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Fraudulent Trends Surrounding EMV Chip Card Technology

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“EMV” is a payment method based on chip cards (also known as smart cards or Chip and PIN cards) that are equipped with computer chips and store data on integrated circuits. It was expected that the introduction of chip cards in lieu of magnetic stripes for data storage, would significantly increase security of financial transactions for retailers.  The new technology in these cards, which are inserted into readers at the point of purchase or at ATMs, outshines the older magnetic-stripe cards. But the main advantage has been that EMV provided increased security over older style cards, leveraging advanced technology that is used to authenticate chip-card transactions.


However, recent studies are revealing a surprising trend: there is an increase in fraud as reported by retailers. In the February 2018 issue of NRF’s Stores Magazine, the lead headline reads, “Retail losses from fraud are continuing to increase despite the introduction of EMV chip cards that were supposed to dramatically reduce credit card fraud.”  Because the chip makes it harder to commit fraud than the magnetic stripe, it is a more effective deterrent in a store setting. However, the chip plays no role at all in online shopping. So, as more consumers turn from bricks to clicks, the less control the retailer has over counterfeit and fraudulent transactions conducted on line even as fraud may decline for in store purchases.


Retail industry red flags are indicating that fraud prevention techniques need to be reconsidered in order to address the challenges of online purchasing as well as in-store selling, including putting a major focus on data breaches as well as on implementing tools for greater payment safety. This concern was reinforced in a white paper authored by retail industry consultants, BRP, citing the organization’s Vice President, Perry Kramer, saying - “While EMV has received most of the attention in the last few years, there are several other critical security strategies that play a much greater role in protecting sensitive payment card and personal information…making it imperative that retailers have the right strategies and controls in place to thwart the ever-increasing advances made by fraudsters.”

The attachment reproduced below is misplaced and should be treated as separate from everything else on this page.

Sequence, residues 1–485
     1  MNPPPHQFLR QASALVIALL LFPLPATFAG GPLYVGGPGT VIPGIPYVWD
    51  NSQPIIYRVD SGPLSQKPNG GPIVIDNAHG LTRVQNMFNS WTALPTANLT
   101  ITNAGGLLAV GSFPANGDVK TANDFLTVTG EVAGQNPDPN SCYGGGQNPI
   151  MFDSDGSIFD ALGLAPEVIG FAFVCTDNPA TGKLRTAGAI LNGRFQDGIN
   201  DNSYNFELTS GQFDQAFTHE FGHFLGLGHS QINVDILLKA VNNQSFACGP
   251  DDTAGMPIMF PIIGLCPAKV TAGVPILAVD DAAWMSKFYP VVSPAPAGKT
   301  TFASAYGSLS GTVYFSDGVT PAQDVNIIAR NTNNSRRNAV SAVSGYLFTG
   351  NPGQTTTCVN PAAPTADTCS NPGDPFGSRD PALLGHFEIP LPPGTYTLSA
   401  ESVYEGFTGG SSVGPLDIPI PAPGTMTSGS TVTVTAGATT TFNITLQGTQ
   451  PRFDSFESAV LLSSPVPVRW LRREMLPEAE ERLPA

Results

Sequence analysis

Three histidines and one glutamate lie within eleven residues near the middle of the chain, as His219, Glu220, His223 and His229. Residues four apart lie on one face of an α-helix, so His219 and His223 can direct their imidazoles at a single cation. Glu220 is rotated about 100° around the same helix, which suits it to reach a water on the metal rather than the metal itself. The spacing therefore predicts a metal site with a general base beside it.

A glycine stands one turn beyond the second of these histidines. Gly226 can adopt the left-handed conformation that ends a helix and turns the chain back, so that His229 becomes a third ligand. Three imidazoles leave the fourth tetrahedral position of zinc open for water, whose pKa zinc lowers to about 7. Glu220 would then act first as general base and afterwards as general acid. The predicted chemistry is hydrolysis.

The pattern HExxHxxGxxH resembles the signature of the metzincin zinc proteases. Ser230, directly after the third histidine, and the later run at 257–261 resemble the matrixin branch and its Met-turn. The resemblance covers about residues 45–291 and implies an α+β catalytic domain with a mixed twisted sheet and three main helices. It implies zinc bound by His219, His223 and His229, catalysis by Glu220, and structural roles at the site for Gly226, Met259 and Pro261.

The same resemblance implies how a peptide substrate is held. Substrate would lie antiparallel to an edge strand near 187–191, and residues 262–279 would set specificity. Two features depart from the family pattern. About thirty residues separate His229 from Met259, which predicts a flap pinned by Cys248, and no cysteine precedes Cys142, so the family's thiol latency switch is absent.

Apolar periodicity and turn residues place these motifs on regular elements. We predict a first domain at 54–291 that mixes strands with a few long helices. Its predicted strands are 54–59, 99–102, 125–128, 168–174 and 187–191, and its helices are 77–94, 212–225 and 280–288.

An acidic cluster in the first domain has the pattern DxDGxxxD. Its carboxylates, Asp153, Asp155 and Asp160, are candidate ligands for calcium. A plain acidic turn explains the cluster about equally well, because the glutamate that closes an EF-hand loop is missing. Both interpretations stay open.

Pessimistic reports continue across the sector, pointing out that as of September 2017, data breaches were 375% higher than in the previous year. Retailers are being warned to watch for key scenarios, such as card not present fraud (CNP), data cyber breaches, digital gift cards (this is especially abused during the holiday season!), ground shipment fraud and credit card bank identification numbers fraud (BIN), all of which have a major impact on retailers who are unprepared for handling cyber fraud of this magnitude.


Tom Byrnes noted in Multi-Channel Merchant that “The new EMV standard will push opportunistic fraudsters to card-not-present (CNP) transactions.”  This is just one more reminder that CNP fraud in the U.S. alone is expected to grow to $6.4 billion this year!  Nonetheless, there are some things retailers can do. BRP says that “with robust tools and processes, retailers can achieve high proficiency in differentiating between legitimate and illegitimate transactions.” One of their basic suggestions is continuous monitoring, updating and tweaking their processes, which is a good common sense option for any business owner seeking to minimize online fraud. As the volume of ecommerce accelerates, other suggestions from a range of sources include assembling a fraud prevention team and being vigilant and knowledgeable about every new trend that evolves, Being prepared and alert is the key!

John Mellage, CPA, Sobel & Co.